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Biden administration to deliver 25 million masks to health centers in communities hit hard by pandemic

Dylan Stableford
·Senior Writer
·2 min read
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In an effort to fulfill President Biden’s goal of having all Americans wear face masks through his first 100 days in office to limit the spread of COVID-19, the White House announced Wednesday that it plans to deliver more than 25 million masks to communities hit hard by the coronavirus pandemic.

The Department of Health and Human Services and the Department of Defense will begin distributing the “high-quality” cloth masks to approximately 1,300 community health centers as well as 60,000 food pantries and soup kitchens in March, the White House said in a press release.

Anyone living in these communities will be eligible to pick up the free masks and will be encouraged to take an individually wrapped package of two for each person in their household. An estimated 12 million to 15 million Americans will receive masks, the White House said.

The cost of the program, which will continue through May, will be $86 million, White House COVID-19 response coordinator Jeff Zients said Wednesday.

President Biden holds up a face mask as he speaks about the fight to contain the coronavirus pandemic, Jan. 26. (Kevin Lamarque/Reuters)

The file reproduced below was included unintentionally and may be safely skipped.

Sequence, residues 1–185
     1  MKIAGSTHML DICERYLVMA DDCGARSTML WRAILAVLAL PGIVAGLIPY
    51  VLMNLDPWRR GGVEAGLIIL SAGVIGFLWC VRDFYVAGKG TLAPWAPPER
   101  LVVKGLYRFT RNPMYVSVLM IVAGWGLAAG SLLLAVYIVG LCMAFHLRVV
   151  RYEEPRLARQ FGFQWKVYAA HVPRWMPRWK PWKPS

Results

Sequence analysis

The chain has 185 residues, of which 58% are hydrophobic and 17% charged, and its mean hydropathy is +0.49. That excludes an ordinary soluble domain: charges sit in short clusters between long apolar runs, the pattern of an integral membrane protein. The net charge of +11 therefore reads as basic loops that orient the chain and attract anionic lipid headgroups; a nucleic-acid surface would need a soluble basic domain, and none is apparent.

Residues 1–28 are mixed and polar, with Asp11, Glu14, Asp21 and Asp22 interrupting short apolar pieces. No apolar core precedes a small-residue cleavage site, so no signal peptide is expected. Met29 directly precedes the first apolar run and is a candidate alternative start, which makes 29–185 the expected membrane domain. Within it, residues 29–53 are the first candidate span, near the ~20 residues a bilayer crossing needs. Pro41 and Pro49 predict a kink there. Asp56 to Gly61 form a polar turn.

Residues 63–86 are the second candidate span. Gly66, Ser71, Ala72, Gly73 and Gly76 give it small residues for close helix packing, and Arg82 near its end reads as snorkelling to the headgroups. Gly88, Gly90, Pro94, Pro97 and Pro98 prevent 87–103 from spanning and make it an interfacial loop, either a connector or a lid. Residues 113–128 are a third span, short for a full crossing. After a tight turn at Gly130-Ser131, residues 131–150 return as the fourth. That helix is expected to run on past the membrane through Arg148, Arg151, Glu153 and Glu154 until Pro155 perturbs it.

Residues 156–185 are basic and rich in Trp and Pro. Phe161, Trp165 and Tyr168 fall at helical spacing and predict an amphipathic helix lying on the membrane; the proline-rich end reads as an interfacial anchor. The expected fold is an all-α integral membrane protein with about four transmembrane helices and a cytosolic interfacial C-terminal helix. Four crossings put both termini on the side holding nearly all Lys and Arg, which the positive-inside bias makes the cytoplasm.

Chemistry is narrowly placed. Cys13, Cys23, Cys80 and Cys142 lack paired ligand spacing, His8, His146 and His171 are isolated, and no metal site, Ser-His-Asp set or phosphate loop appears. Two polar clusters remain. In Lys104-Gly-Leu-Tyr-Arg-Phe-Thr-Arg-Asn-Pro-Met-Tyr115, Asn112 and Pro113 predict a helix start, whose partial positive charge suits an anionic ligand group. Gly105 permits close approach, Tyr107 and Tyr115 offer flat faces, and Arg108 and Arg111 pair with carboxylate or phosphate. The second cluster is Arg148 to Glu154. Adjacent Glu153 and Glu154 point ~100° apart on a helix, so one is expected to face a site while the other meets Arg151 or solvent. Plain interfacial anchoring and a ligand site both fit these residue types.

President Biden speaks on Jan. 26 about the fight to contain the coronavirus pandemic. (Kevin Lamarque/Reuters)

Zients said the plan is part of the administration’s “equity strategy.”

“Not all Americans are wearing masks regularly, not all Americans have access and not all masks are equal,” he said. “With this action, we are helping to level the playing field, giving vulnerable populations quality, well-fitted masks.”

The initiative, Zients added, will not affect availability of masks for health care workers.

The COVID-19 crisis has disproportionately affected the poor and communities of color. Recent studies cited by the Centers for Disease Control and Prevention show Black (13.8 percent) and Hispanic or Latino (11.9 percent) people are more likely to test positive for COVID-19 as compared with non-Hispanic whites (7 percent). Other studies cited by the CDC show that 34 percent of U.S. COVID-19 deaths were among non-Hispanic Black people, though this group accounts for only 12 percent of the total U.S. population.

On his first day in office, Biden signed an executive order requiring face masks to be worn by federal employees at all government agencies. A week later, the CDC issued a sweeping mask mandate requiring they be worn by all travelers on airplanes, trains, buses and ride shares, and at transportation hubs including airports, bus or ferry terminals, and train and subway stations.

Under former President Donald Trump, a push by the CDC to mandate masks in transit was blocked, and the agency instead issued only strong recommendations encouraging masks when social distancing was not possible. Trump also rejected efforts by Congress to mandate mask use.

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